It was very interesting to be working on Capitol Hill on September 11th. There were moments of silence throughout the morning to remember the events that happened that day 13 years ago. I had just gotten to work at 8:46, the time that the first plane hit the north tower, when the message came across the PA system. It really put the events in perspective, about what time the events happened, to be working on Capitol Hill and realize that if I had been working in the towers that day I would have just gotten to work, like many others who died that day. That night I was able to go to the Pentagon Memorial again, someone had gone around to every bench and left one white rose.

I am loving the research and document preparation that I have been able to help with. I am going to be tour tested this week and possibly give my first tour to a constituent.

Well things are going great here in Washington, DC. although I haven't been able to get out and see many sites yet. The weeks go by so fast.

Wednesday, December 10, 2014

International Student Services Tuition & Fee Deadlines Spring 2015

Spring semester 2015 begins on Monday, January 12, 2015. 

SLCC F-1 international students will automatically be enrolled in the Ascension Health Insurance Plan when they register for classes.

Deadlines:

·      Friday, January 9 is the deadline for international student insurance & tuition payment for students registered for Spring Semester

·      Tuesday, January 13 – classes dropped for not meeting deadline

There are two ways to meet the Friday, January 9 payment deadline:

1.    Pay tuition & fees in full by the Friday, January 9, 2015

2.   Enroll in the STIL by January 9 and make your first STIL payment to include health insurance.*

      *Because of the tuition differential a payment plan is not available for School of Applied Technology English as a Second Language students.  Payment of tuition in full and health insurance is required at the time of enrollment.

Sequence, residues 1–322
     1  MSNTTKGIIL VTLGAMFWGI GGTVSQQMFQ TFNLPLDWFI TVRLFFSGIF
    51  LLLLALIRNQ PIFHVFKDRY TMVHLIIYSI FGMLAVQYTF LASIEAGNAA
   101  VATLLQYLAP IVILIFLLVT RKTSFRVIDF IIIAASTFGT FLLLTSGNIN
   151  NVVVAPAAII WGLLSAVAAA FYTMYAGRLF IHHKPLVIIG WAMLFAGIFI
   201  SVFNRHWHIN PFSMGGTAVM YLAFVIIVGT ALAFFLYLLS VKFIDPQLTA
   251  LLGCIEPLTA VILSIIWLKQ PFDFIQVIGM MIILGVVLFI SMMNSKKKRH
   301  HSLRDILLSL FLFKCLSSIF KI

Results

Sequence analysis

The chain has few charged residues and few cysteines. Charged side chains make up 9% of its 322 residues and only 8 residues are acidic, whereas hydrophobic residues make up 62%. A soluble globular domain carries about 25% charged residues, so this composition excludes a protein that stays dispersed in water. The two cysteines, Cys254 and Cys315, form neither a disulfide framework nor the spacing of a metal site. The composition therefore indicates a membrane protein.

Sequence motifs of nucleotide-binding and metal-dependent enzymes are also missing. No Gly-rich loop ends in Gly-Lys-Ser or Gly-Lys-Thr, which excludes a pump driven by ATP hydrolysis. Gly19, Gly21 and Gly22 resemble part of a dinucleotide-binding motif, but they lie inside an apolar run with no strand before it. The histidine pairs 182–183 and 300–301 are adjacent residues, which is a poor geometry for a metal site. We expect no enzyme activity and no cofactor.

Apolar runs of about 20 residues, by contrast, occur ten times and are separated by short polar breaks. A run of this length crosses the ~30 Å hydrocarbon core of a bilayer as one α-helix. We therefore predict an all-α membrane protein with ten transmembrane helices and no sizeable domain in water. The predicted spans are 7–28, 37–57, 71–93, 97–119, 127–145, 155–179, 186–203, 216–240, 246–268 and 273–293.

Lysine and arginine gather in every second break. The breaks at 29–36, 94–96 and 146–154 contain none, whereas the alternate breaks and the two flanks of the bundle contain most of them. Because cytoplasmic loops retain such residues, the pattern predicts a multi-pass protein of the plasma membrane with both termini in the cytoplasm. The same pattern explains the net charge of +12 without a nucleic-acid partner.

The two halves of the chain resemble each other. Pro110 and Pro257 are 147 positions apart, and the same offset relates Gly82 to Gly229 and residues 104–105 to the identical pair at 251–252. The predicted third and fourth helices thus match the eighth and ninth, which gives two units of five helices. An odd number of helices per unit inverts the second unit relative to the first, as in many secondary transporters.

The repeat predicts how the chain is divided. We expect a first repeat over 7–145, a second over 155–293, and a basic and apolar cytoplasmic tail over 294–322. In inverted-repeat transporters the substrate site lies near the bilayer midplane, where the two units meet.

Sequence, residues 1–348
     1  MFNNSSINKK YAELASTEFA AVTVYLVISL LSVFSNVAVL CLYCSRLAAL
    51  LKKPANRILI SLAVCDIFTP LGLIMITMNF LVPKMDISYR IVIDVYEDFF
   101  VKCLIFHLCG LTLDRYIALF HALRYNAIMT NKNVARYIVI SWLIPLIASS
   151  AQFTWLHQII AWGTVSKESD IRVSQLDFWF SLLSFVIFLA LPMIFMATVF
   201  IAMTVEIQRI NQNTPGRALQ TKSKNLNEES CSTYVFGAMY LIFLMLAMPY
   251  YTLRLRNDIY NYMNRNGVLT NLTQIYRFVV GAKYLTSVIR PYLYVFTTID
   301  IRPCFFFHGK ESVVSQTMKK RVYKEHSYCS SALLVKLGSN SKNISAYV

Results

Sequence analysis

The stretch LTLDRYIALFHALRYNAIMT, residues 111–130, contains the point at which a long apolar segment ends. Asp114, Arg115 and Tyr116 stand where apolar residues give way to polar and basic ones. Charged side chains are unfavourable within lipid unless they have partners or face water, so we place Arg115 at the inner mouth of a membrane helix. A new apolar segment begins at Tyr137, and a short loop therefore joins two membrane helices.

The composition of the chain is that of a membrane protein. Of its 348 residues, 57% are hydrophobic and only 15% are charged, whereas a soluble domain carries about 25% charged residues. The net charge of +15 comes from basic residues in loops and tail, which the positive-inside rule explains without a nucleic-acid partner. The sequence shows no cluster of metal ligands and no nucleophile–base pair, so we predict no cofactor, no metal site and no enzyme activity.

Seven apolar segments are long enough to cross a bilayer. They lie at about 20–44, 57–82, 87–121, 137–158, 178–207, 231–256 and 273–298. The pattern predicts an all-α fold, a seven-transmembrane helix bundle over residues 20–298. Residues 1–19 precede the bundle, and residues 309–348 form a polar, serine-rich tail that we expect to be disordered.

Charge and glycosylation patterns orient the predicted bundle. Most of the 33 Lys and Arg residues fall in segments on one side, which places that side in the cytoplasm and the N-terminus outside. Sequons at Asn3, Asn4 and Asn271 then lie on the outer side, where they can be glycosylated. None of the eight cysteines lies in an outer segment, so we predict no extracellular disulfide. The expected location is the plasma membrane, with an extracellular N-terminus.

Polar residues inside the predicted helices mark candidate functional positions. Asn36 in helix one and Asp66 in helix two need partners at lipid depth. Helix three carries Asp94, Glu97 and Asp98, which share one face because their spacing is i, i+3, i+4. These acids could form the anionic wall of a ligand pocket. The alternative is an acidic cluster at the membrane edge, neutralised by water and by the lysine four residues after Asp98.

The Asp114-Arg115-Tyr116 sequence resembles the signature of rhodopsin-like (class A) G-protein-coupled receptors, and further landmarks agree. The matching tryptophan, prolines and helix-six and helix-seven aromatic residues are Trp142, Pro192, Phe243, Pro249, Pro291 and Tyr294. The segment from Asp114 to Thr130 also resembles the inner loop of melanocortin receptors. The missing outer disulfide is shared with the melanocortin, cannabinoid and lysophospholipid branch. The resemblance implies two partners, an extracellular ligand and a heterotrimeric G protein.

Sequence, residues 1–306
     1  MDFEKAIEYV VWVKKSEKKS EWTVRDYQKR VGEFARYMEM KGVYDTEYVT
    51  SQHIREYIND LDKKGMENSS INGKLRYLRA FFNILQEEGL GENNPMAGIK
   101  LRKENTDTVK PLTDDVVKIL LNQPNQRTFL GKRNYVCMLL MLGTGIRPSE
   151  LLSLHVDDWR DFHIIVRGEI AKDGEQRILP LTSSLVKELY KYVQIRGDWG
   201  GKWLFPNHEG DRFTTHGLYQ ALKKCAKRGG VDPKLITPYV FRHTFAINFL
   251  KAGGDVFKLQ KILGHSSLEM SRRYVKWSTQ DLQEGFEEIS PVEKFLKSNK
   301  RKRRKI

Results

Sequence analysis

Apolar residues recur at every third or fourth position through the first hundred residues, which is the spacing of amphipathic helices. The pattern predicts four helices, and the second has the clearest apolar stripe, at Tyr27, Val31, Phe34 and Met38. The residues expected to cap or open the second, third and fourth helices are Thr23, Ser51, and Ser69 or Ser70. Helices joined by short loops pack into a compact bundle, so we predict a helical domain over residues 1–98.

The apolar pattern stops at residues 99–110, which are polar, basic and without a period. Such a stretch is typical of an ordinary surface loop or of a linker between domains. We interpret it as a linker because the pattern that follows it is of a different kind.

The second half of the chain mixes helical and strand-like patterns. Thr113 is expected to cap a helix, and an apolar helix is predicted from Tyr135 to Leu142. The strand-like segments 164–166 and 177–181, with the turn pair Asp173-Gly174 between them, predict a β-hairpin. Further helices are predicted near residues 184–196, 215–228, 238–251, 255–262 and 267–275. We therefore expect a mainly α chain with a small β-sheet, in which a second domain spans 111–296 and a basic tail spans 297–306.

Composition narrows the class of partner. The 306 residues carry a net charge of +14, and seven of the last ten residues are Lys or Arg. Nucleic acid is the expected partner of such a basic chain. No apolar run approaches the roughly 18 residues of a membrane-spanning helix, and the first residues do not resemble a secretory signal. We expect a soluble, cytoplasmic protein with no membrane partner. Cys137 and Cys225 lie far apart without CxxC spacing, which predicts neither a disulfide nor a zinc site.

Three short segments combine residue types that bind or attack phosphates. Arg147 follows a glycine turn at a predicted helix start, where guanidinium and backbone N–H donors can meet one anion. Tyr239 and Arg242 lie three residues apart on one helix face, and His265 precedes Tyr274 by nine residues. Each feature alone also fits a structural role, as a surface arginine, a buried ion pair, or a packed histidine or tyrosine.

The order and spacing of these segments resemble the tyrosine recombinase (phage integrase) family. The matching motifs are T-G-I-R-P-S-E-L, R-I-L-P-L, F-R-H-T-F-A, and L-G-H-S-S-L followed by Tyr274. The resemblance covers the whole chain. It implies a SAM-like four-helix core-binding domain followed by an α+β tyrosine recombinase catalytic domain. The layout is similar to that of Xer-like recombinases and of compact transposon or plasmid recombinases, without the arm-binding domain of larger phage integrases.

·      Students who enroll in classes after January 12 will have seven (7) days to pay tuition & fees

·      Fall Semester Health Insurance coverage is January 5, 2015 – May 10, 2015. 

·      Cost is $396.00
 
Health insurance waivers are no longer available.

Please follow this new international tuition and fee information on the ISS Facebook page, Twitter, the SLCC webpage, MyPage announcement and digital signage on campus.   Read your e-mail! 


For more information, visit International Student Services in the Student Center room 234 or call 801.957.4528.

Friday, December 5, 2014

SLCC President Attends White House Event on Expanding College Access

Salt Lake Community College President Deneece G. Huftalin on Thursday joined President Obama, the First Lady, and Vice President Biden along with hundreds of college presidents and other higher education leaders to announce new actions to help more students prepare for and graduate from college. 

The White House College Opportunity Day of Action was intended to support the President’s commitment to partner with colleges and universities, business leaders, and nonprofits to support students across the country to help our nation reach its goal of leading the world in college attainment.

Community colleges are vital to create short-term technical training to meet workforce demands in STEM,” said Dr. Huftalin. “I am so proud to have represented Salt Lake Community College at the College Opportunity Day for Action Summit at the White House, and to have shared the innovative work of our faculty to help students complete college in a highly skilled and timely way.